Tuesday, December 14, 2004

States Rights, The Constitution in Exile -- A "B After The Fact" Greatest Hit

Working on the novel this morning.

The New York Times finally ran an editorial note about The "Constitution In Exile" . The New Republic notes that given the Democratic losses in Washington Justice Rehnquist's views on State Rights do not appear to be half bad.

Gratefully acknowledging and thanking all the new readers I am getting, noting the perogatives of my other writing, my marriage, my full time job, and the holiday season, I offer you one of the entries you may not have read earlier. One of those that I think defines me best and defines what worries me most.

This is from October 15, 2004, slightly edited. I think it helps, every once and awhile, to reset the argument.


It is increasingly clear, as I have been saying, in one form or another, for 20 years and counting (although not on this blogsite recently), that the only important war in the United States is the Civil War, and it is constantly being refought. I will try to say a lot more about that in the months to come.

This is a real high water mark for the Confederacy. The opportunity for the intellectual heirs of the Confederacy and Jim Crow to control the White House for the first time since Woodrow Wilson is more important than any consequence of having a man-who-would-be-King in the White House.

It is more important than whether or not what Bush is doing helps Jim Crow or the Confederacy at all. One thing about Bush, he is not in any way, shape or form a racist. He carries less baggage about race than any major political figure in any of our lifetimes, including people like Carter and Clinton, who had baggage but found a way to leave some of it behind.

States rights, as I have been saying all along, is not a philosophy, its a tool. When your guy controls the White House, you don't need states rights. That's why there has been massive Federal involvement in areas like education and family arrangements and so-called faith-based initiatives, which have typically been the domain of the states. Whether the power brokers in individual states, mostly conservatives, will complain in a second term, when they see the cumulative effect of having their perogatives (and their control of the purse strings) diminished, remains to be seen.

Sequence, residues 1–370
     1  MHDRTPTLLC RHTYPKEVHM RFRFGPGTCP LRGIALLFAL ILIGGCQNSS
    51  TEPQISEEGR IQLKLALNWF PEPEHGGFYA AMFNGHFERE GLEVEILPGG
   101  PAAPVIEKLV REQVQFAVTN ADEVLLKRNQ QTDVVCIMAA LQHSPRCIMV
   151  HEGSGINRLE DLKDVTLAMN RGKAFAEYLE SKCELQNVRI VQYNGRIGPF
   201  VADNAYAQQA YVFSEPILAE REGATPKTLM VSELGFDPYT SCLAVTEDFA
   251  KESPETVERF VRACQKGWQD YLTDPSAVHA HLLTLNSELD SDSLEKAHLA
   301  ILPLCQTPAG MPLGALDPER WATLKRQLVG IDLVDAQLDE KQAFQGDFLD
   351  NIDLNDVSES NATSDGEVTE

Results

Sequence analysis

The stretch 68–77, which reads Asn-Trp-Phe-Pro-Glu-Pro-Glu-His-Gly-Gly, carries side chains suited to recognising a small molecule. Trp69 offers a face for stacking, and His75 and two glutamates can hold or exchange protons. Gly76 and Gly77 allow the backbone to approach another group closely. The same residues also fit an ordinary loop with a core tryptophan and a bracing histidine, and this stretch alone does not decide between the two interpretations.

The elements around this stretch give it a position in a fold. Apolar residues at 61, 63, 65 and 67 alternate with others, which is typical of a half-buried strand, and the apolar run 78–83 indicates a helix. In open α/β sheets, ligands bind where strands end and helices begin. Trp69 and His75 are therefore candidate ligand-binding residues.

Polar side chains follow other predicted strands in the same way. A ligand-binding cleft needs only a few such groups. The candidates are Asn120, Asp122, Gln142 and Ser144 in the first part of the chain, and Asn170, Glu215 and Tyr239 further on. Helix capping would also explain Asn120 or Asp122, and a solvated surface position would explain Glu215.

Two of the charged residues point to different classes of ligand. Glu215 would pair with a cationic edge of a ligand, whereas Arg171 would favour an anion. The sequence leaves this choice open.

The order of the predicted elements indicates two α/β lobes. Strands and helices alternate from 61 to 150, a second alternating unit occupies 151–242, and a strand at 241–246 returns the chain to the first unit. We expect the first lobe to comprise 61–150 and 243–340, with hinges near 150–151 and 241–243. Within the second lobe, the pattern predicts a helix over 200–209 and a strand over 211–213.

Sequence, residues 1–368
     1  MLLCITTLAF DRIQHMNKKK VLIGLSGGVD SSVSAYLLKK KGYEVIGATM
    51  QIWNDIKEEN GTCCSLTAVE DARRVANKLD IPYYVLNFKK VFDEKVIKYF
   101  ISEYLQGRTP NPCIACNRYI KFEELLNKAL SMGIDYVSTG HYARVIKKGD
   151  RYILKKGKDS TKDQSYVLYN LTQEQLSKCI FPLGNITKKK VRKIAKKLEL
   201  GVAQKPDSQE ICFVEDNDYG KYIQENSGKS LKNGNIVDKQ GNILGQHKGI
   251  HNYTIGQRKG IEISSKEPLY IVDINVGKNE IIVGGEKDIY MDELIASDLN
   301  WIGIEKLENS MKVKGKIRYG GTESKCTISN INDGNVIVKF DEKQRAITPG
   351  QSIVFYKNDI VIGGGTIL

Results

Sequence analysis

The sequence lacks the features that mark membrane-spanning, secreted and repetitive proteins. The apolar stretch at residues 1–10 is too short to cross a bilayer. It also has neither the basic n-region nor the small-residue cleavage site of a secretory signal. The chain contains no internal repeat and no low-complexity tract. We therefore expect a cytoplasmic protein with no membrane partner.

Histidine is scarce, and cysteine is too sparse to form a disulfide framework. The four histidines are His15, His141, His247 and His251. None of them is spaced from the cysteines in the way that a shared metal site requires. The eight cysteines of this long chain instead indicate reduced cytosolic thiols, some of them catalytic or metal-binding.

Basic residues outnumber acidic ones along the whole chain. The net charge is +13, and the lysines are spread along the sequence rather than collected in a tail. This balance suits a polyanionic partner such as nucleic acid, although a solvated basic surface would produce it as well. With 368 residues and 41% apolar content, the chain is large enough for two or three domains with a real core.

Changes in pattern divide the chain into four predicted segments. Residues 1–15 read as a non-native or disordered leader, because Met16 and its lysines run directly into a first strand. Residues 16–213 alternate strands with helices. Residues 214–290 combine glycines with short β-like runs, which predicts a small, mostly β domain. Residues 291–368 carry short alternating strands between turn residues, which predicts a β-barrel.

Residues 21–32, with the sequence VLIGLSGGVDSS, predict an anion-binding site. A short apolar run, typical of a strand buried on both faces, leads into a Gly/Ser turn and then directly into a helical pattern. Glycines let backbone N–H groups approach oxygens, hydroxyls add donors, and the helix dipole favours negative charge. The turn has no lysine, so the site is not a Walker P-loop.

There are no governmental checks and balances on the Bushies.

The right-wing says that there are checks and balances coming from Ted Kennedy and the left-wing media. There is only one Ted Kennedy, and he gets older and fatter every year. There is no left-wing media that matters. Professional journalists who regularly make six-figures may not be Republicans, but they are not liberals, and they couldn't see the left wing if they were floating in space. There are no checks and balances on these guys.

There are not, and will never be, enough liberals to stop these things, just as there were never enough liberals to force Nixon to resign. There is not, and never was, and never will be, enough liberal media or enough so-called Jews to stop McCarthyism or the Red Scare, or Gingrichism. These are house-cleanings that must be done by self-styled conservatives who believe that justice, freedom, restraints on power, and most importantly, the rule of law, matters most, even when it leads to some limitation on their own power. These guys have woken up before, maybe they can again. 216 years of the Constitution and counting is just a statistic. It means nothing if we don't work at it.

It is also possible that we may finally see some push-back from religion, but I am way out of my depth. I hope to see something, but I couldn't describe what I was looking for, and I won't be able to see it until it is sitting on me.